This year, due to the Super Bowl being set very late and the Olympics being set very early, the two events are about to intersect -- and the same network is showing both! To honor this freaky event, I decided to unearth the last time the Super Bowl cris-crossed with the Olympics -- and found out that's actually never happened before. The closest I can get is 1992, when CBS had the rights to show the Super Bowl and the Winter Olympics, but they were separated by a couple weeks...and I already did that one.

So heck with it -- let's do 1987.

The Broncos faced the Giants in Super Bowl XXI. The National Anthem was sung by Neil Diamond, and I love the expression on this football jock's face as he's forced to watch it:

He's just not feelin' this guy.

We're not going to be looking at the Bowls of the 80s very often. What we've come to expect from the Super Bowl -- a bunch of loud ads and a musical superstar at halftime -- didn't truly become tradition until the early 90s. The 1980s Bowls are blander in comparison, with a lot of "Andrea Giles, Sinus Sufferer" moments.

Less movie trailers and more investment firms. You'll be seeing the Merrill Lynch bull several times...this first one is some kind of ripoff from a famous Coke ad, but instead of "I'd Like To Teach The World To Sing" it's using rewritten lyrics set to the theme from the Bond picture "For Your Eyes Only." It's all over the place.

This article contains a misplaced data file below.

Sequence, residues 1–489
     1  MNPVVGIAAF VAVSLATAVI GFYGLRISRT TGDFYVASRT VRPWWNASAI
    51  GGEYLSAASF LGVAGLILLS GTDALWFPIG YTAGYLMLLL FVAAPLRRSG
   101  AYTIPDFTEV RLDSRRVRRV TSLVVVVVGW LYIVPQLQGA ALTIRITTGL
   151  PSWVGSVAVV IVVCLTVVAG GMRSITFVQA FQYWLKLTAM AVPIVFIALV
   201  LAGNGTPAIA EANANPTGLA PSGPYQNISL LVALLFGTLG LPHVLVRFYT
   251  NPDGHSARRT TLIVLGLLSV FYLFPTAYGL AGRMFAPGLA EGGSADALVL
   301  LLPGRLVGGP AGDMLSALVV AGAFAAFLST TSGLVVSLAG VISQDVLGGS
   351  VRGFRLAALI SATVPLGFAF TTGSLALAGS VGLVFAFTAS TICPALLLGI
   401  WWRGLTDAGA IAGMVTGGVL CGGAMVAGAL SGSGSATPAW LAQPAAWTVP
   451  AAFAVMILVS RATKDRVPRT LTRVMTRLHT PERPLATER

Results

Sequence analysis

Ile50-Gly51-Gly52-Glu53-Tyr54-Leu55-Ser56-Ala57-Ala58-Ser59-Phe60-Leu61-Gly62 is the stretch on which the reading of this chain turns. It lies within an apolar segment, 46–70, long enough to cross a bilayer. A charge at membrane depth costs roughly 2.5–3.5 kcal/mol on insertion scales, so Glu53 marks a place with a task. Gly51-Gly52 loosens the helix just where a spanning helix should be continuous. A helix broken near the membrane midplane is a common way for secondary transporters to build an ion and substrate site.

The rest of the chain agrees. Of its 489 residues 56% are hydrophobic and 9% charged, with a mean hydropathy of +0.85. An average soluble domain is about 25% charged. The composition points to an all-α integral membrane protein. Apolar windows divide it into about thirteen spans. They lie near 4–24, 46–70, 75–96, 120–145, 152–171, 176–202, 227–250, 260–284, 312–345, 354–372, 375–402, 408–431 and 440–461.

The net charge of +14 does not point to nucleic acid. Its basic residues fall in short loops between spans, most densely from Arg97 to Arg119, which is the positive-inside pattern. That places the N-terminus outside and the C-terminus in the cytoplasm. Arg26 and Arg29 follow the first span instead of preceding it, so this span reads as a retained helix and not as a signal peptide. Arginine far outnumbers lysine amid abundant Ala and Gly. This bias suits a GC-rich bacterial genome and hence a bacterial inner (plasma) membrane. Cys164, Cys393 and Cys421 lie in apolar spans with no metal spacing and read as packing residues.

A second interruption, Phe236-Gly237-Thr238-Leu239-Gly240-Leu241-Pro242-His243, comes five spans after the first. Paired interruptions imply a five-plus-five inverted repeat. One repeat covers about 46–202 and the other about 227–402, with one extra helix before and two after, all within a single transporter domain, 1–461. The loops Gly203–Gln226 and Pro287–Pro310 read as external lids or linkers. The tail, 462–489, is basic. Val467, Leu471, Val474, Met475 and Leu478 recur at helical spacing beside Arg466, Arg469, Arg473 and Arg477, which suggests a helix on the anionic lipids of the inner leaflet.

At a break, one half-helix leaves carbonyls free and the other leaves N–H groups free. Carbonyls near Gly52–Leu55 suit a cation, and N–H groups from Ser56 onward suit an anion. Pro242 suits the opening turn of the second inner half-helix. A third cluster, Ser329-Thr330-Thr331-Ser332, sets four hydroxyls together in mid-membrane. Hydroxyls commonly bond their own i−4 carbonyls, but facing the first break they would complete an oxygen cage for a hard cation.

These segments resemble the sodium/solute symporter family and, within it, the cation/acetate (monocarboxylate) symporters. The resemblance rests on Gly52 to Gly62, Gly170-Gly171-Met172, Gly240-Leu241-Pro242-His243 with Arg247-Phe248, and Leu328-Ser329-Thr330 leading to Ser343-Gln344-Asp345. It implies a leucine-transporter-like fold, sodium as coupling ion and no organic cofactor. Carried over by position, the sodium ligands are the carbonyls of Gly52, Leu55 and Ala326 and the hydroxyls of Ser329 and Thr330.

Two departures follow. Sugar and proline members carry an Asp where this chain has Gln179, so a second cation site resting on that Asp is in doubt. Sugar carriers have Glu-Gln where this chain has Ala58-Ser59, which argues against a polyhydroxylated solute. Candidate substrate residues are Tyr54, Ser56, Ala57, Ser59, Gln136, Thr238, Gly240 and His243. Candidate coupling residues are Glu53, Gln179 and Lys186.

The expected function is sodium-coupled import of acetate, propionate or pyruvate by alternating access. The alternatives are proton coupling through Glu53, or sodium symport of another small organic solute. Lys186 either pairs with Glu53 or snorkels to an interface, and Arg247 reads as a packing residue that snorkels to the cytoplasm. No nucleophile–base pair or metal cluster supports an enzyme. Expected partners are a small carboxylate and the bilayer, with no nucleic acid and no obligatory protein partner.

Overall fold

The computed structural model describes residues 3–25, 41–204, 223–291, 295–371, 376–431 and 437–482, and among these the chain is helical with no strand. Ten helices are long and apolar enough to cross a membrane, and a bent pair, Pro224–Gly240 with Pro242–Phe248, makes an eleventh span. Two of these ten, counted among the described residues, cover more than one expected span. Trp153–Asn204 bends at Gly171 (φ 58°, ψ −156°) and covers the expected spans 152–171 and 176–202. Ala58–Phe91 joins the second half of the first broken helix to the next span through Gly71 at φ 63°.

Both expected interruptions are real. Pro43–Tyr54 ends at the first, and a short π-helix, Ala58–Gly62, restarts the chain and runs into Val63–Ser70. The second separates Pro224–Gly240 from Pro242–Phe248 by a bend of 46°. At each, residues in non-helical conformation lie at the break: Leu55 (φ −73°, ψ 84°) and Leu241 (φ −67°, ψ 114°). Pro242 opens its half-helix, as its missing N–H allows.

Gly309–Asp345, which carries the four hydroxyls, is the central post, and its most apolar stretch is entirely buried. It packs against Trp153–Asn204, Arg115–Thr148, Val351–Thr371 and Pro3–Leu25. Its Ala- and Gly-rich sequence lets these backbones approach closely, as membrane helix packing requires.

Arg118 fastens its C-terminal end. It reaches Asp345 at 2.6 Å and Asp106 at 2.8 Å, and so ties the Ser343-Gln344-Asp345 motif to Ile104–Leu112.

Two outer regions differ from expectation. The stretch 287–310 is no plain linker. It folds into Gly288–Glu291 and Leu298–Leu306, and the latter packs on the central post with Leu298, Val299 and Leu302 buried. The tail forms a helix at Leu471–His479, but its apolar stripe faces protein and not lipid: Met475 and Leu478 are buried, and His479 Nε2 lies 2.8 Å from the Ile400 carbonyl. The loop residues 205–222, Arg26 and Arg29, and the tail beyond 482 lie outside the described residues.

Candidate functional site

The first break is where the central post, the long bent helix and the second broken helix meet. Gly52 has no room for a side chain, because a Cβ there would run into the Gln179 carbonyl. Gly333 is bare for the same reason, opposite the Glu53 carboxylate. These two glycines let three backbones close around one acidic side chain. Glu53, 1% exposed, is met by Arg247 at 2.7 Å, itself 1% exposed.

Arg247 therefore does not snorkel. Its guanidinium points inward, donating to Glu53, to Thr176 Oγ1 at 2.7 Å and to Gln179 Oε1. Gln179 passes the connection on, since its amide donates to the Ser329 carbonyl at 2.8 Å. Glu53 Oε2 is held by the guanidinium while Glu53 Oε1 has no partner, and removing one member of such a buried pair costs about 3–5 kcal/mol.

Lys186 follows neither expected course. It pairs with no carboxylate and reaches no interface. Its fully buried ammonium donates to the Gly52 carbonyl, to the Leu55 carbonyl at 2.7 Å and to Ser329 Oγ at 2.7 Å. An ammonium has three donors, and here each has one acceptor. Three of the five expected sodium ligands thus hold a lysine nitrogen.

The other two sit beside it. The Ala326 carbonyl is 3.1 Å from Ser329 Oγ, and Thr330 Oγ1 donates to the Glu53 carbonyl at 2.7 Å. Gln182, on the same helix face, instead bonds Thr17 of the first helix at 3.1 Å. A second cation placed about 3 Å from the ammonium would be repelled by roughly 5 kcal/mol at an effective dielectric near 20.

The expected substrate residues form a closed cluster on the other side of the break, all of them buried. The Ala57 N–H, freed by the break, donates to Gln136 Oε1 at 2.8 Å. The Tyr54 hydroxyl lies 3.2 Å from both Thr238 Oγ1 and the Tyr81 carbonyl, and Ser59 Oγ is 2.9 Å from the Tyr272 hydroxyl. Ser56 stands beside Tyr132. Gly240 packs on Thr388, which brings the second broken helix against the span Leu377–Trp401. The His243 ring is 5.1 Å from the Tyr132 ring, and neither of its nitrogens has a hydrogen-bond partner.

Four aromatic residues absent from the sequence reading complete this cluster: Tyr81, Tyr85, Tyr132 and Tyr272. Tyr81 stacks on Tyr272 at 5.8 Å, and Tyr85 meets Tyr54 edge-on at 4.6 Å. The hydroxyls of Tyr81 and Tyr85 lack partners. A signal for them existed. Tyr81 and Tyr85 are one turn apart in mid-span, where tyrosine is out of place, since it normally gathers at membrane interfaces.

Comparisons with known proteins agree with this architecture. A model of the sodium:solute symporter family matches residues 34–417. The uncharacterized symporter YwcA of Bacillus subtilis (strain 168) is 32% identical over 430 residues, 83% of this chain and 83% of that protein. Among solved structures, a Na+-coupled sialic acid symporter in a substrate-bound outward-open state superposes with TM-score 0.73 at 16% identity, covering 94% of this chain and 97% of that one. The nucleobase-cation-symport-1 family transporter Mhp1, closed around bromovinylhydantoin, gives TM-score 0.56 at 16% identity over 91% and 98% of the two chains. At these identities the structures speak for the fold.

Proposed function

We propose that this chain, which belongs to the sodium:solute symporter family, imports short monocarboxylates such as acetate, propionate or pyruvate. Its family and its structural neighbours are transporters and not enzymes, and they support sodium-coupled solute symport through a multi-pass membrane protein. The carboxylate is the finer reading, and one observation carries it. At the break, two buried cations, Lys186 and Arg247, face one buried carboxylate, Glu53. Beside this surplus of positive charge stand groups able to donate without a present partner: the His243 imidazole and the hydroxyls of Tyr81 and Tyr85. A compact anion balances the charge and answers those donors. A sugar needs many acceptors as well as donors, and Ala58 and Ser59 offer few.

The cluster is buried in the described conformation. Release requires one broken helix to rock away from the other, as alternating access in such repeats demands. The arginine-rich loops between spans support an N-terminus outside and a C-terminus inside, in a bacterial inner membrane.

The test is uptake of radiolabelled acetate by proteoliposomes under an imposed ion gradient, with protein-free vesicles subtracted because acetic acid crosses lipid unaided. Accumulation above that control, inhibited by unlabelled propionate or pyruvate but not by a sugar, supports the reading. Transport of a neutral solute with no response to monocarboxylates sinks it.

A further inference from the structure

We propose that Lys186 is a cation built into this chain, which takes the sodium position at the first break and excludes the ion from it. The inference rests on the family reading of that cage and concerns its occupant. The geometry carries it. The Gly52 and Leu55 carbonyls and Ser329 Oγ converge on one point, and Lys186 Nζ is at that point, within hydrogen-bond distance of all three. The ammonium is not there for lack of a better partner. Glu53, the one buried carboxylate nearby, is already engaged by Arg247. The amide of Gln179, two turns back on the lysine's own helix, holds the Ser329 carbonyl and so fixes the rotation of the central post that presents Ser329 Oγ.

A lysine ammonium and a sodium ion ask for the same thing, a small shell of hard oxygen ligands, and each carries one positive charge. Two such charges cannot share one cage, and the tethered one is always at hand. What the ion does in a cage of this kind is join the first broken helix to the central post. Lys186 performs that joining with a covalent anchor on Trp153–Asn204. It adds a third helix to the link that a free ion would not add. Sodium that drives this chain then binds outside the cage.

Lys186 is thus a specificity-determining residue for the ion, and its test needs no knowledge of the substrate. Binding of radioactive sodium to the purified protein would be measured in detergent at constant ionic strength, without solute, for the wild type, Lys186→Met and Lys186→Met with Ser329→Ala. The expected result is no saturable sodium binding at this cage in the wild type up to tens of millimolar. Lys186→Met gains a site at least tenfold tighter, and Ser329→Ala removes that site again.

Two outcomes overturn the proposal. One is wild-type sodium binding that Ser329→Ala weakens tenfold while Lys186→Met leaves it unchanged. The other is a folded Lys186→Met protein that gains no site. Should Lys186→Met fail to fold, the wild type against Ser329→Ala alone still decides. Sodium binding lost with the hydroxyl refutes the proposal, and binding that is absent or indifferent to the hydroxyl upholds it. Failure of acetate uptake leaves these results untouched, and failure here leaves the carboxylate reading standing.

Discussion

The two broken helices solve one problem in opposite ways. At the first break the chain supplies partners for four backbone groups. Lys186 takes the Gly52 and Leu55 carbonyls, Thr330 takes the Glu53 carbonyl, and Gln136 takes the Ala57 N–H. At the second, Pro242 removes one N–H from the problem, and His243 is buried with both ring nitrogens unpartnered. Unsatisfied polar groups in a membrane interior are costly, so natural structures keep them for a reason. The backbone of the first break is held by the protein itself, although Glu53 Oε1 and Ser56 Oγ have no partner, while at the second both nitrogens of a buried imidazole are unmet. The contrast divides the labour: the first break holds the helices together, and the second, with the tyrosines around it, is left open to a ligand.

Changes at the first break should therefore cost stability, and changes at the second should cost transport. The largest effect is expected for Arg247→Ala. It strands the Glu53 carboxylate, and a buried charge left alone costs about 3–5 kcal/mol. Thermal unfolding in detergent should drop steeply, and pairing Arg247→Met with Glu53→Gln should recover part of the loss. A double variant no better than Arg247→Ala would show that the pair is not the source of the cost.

This guy coming out of a suitcase was a common sight from now through the mid-90s, selling a series of motels that all had the same logo but different names. They would later add a fourth variant, "Sleep."

You can always tell when a movie trailer was made by its style...they all seem to do the same thing at the same time. These days it's "take a peppy song and play a slow melancholy version of it." Before that it was "make a loud BRAUUUUMMMMM noise between fade-outs." Much, much earlier, it was "make grandiose claims about the movie with big captions that say how amazing your movie is," and that's the kind of trailer McDonalds is spoofing here.

It was not contemporary at trailers of the 1980s were transitioning between "a narrator that gives away the whole movie" and "the whole movie is given away without a narrator at all."

Sorry, no Bud Bowl yet. It wouldn't be long before beer commercials would be some of the best in the Bowl, but Bud's offerings of '87 were nothing worth discussing.

Every now and then, though, you can catch glimpses of what the Super Bowl was turning into. This Foot Locker ad is the kind of expensive thing that would be commonplace in just a few short years. It's interesting to see the kind of effects they would try to pull off without being able to use computers.

And speaking of computers, I hope that Tandy ad didn't convince anybody to buy one.

Okay, I have to get a screenshot of that: